40 Change Makers: LaLa Zannell

This interview has been shortened and condensed for clarity.

LaLa Zannell is a Black trans woman with over a decade of experience as a community organizer and advocate for trans and queer livelihood. LaLa’s experience with AVP ranges from seeking support to becoming an intern, then being hired as a Front Desk Assistant, a Community Organizer, and finally, as a Lead Organizer. With over eight years of experience at AVP, LaLa helped found AVP’s Trans and Gender Non-conforming Leadership Academy and led the effort to develop Solutions Out of Struggle: Transgender and Gender Non-conforming Policy Brief for New York City. As the Trans Justice Campaign Manager at the ACLU, Lala continues to serve the community on a national scale.

In 2015, Lala spoke at the White House as part of the first Women’s History Month briefing that included transgender women. LaLa also participated in the 2015 landmark Congressional Forum on Violence Against Transgender People. Read about Lala’s journey with AVP, and how Lala helped advance AVP’s work with and for the trans and gender non-conforming community.

How did you first get involved with AVP?

Wow. It’s eons ago. Probably about eight years ago when I first moved to New York City and I was in the middle of being in a violent intimate partner relationship. I went to the Center and did an intake there, and they gave me a referral to go to AVP. I went to AVP the next day. I met with Jase who was my counselor at the time, and we just did an intake. They were asking me so many questions that no one had ever asked me before. Even friends in my life didn’t have the language or the ways of support that the counselor did at the time.

I was just really overwhelmed. Why are you being so nice to me? What’s the catch? I just couldn’t believe that they actually were providing help in a situation that other people in my life just were like, “It happens. Accept it.” Just things that, commonly, people normally get in those situations.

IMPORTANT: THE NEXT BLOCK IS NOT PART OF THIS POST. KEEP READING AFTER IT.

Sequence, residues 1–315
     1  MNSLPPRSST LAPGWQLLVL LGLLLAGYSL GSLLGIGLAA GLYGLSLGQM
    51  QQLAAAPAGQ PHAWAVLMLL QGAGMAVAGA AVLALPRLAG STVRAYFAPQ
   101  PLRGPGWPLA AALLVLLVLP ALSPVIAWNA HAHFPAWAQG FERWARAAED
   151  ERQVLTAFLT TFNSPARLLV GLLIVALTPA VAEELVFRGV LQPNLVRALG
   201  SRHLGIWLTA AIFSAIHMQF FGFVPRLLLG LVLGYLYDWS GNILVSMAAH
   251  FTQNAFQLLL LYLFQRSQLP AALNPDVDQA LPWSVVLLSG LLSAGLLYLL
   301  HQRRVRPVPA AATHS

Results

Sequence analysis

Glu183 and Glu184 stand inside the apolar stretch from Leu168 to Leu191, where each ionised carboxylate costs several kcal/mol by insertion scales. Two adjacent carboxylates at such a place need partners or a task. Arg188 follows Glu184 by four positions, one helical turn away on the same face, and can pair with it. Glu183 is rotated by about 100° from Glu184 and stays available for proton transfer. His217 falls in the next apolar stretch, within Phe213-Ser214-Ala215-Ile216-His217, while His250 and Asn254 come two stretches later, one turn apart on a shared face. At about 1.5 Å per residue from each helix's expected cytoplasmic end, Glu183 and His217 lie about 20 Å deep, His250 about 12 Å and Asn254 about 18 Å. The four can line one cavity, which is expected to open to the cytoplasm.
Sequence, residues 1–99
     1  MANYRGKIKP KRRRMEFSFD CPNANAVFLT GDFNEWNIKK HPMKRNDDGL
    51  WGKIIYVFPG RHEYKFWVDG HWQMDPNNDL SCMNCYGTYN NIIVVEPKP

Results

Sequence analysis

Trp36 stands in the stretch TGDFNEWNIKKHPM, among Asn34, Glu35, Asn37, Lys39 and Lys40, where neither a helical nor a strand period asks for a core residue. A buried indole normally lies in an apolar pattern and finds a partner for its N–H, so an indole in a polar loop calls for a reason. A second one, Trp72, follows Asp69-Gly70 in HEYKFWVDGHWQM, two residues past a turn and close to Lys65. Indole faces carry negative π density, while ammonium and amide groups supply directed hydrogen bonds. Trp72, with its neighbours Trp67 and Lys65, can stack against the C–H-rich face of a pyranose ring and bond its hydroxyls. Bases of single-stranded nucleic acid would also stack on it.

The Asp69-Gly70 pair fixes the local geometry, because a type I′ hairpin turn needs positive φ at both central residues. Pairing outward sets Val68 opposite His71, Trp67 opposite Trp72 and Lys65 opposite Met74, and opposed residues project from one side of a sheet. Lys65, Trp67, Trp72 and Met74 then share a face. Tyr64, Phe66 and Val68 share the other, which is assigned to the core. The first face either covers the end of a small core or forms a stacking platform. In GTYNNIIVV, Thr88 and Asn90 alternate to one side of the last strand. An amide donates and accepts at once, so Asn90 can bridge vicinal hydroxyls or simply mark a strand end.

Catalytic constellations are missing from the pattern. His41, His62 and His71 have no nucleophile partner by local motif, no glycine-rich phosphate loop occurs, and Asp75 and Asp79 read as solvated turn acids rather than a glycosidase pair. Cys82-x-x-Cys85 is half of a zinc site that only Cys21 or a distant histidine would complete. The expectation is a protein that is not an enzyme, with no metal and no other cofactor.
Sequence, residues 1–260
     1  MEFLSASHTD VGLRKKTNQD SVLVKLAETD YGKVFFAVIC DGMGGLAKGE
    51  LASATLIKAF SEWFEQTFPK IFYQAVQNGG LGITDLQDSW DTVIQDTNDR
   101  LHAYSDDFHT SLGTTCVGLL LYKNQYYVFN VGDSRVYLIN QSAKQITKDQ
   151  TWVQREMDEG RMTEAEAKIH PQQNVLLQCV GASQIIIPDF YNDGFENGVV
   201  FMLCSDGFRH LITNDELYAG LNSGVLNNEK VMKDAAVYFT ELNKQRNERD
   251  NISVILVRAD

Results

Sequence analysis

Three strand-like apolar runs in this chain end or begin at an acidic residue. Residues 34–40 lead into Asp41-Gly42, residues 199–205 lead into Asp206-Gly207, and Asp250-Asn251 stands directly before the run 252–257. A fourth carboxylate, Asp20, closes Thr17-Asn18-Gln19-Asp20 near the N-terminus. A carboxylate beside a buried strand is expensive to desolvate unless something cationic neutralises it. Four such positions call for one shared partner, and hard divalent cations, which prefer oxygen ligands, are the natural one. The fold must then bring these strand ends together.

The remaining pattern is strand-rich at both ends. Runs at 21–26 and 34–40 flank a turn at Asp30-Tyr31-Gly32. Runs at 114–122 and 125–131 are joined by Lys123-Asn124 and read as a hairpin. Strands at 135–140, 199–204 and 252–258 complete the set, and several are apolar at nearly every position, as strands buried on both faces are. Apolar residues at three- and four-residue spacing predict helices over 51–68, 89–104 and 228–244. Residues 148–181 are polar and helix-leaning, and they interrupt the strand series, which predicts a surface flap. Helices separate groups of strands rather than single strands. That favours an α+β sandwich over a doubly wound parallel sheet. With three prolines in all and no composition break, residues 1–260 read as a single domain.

Tell us about your role as a Lead Organizer for AVP?

Prior to even coming to AVP, I was already in the community. I was a part of Ballroom. I had chosen children. I was in the nightclub life. I was an entertainer, so I already had connections to the community.

I just wanted to use that to bring in folks who needed these services, as well as shift AVP’s direction to make sure that this was the place that trans folks wanted to come, particularly trans women of color– where they felt comfortable, where they felt like this was a place where they belonged. And being pivotal in that was very important to me, as well as always responding to violence locally, statewide, and nationally. We did a lot of reaching out to the media and telling them, “Stop dead-naming people.” Being able to be pivotal in the way that today, media in the country talks about the lives of trans folks murdered. 

But I still felt like AVP needed more. They needed more trans representation within the organization and in the outward appearance in the world. That’s when I started to lobby and rally for the Trans and Gender Non-conforming Leadership Academy, which was something I’d been working on for over seven years prior to it even coming into formation at AVP. There needed to be something that was for my community that would empower them, help them learn how to organize and compensate them.

Through all of that work, I was able to speak at the White House and testify in front of Congress for the first time. Nobody ever brought trans folks into the White House to talk about the violence that happens against trans women. I was the only Black trans woman who testified before Congress. Through that work and through my leadership and my outreach ability, I got the role of Lead Organizer. 

Can you speak about your most memorable experience with AVP? 

There are just so many. If I will say one, it’s memorable, but I think it’s just like “Wow, where I was working!” It was the one time I was in Victoria Cruz’s office in my earlier stages of beginning to work at AVP. She opened up her drawer and she had all these old pictures from Stonewall. She actually had a piece of board where they used to write the drink specials. That actually was from Stonewall. And I was just thought, “Wow, this is so cool and dope, I work with a person that is really a pioneer, someone who has survived something.”

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